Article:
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Fear Versus Growth: Lessons Learned

By: Zhana Borisova, General Manager - Omniage Ltd.

31 January 2017

There is a good chance that most of you business leaders remember reaching the point when you felt enthusiastic and willing to expand your business and take risks in the name of getting ahead to new horizons, versus the fear of all that is entailed in that process. What makes us go for the unknown and strive for more instead of merely cultivating what we already have?

During the past year, our team found itself in this same position asking this very question. I'd like to share some of the answers that made us think expansion and risk taking were the right choices.

As Derek Sivers sums up Carol Dweck: "People in a growth mindset believe anyone can be good at anything, because your abilities are entirely due to your actions." This might sound easy and indeed it could actually be so, but it all depends on... your mindset. A key factor is how we interpret fear and failure and how we react to adopting the unknown in our day to day business operations.

Here is an example from our corporate experience:

Our company has been in the localization business for more than a decade. Most of our processes have been done by means of technology, but without automation and constant effort put into making work more efficient. Now and then ideas in that direction were coming, but we were afraid to change what has already proven to work well.

We gradually started to realize that in order to grow without fear, we needed to find a way to achieve expansion without disrupting our core values. We wanted to stay independent, flexible, retain high level of data security, protect our resources and at the same time change our processes and improve them, be in constant motion.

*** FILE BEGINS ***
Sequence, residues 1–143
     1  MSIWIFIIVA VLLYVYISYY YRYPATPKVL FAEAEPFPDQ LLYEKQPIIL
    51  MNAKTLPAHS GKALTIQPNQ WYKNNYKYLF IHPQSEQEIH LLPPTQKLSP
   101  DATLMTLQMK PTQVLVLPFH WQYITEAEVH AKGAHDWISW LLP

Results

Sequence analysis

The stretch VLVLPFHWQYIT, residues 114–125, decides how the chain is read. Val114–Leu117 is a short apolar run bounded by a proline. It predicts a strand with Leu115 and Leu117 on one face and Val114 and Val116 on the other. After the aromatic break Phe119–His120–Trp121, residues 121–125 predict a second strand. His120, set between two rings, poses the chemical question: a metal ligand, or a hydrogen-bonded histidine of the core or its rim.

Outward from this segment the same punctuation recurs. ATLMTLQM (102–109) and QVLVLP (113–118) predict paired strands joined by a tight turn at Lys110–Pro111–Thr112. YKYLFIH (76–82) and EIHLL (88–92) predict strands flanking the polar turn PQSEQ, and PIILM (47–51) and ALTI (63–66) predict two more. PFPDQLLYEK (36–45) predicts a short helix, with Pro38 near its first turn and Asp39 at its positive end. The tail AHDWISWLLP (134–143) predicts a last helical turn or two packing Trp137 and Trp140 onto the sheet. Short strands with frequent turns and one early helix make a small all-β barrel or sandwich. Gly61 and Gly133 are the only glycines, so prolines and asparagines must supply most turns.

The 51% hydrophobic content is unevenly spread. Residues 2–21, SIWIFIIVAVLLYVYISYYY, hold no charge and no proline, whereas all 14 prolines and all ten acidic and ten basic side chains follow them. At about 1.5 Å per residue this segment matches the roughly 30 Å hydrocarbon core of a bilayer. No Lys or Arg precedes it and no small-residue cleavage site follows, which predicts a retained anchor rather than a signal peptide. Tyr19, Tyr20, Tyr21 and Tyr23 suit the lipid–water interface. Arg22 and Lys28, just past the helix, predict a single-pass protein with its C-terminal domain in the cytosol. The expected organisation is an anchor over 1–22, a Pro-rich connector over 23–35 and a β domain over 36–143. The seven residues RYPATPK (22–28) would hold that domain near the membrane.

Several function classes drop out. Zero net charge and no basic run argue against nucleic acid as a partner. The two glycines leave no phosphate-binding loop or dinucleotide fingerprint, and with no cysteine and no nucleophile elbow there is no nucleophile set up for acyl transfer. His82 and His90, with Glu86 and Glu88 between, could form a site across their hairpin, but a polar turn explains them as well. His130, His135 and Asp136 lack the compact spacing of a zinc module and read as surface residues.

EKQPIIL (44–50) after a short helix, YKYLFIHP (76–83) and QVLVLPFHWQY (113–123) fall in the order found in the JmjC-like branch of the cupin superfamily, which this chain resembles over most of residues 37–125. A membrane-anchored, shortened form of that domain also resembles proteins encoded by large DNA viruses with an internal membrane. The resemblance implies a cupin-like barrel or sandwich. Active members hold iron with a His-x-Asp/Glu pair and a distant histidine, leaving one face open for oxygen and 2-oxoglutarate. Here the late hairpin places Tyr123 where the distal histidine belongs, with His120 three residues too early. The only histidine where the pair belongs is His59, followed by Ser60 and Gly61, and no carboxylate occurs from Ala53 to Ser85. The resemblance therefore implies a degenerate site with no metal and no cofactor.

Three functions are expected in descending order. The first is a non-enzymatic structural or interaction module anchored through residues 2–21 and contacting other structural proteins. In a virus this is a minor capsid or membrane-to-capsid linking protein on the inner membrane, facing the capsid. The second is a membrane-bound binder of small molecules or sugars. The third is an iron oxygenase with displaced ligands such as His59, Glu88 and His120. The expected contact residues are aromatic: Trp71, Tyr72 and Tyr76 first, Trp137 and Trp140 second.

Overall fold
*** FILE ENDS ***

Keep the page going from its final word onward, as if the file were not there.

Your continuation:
A successful path to that turned out to be the combination of two key factors: automation and server technology. Our aim is to achieve high level of automation of all repetitive and predictive processes and at the same time make use of all existing assets such as TMS, terminology and translation memory repository and resources.

The answer to meet these needs came by means of using cloud server technology where CAT server (such as SDL Trados Groupshare and Across Language Server) and integration solution (through XTRF) are to be deployed.

Following this protocol we realized we could keep our high level of flexibility and independence, which made it possible for our team members to work distantly. At the same time we kept a high level of data security, but still managed to engage more linguists, use more diverse resources like MT, terminology corpora and so on. The final result was scaling up and growth.

And what about fear? Sure we've had much of it through all stages of the process, because none of us had been experienced particularly in server administration. It was complex to realize all the connections when it comes to integration between TMS and CAT technology. But as noted above, what matters is to believe that only through constant motion and striving could you become good at anything.

And anything implies growth - either on personal, team or corporate level.

Zhana Borisova

Zhana Borisova is an established and recognized professional on the European language industry scene. For more than ten years now she has been helping international language service providers and organizations solve their language issues by managing her language company Omniage and providing exclusive services in the field of localization, translations and content management.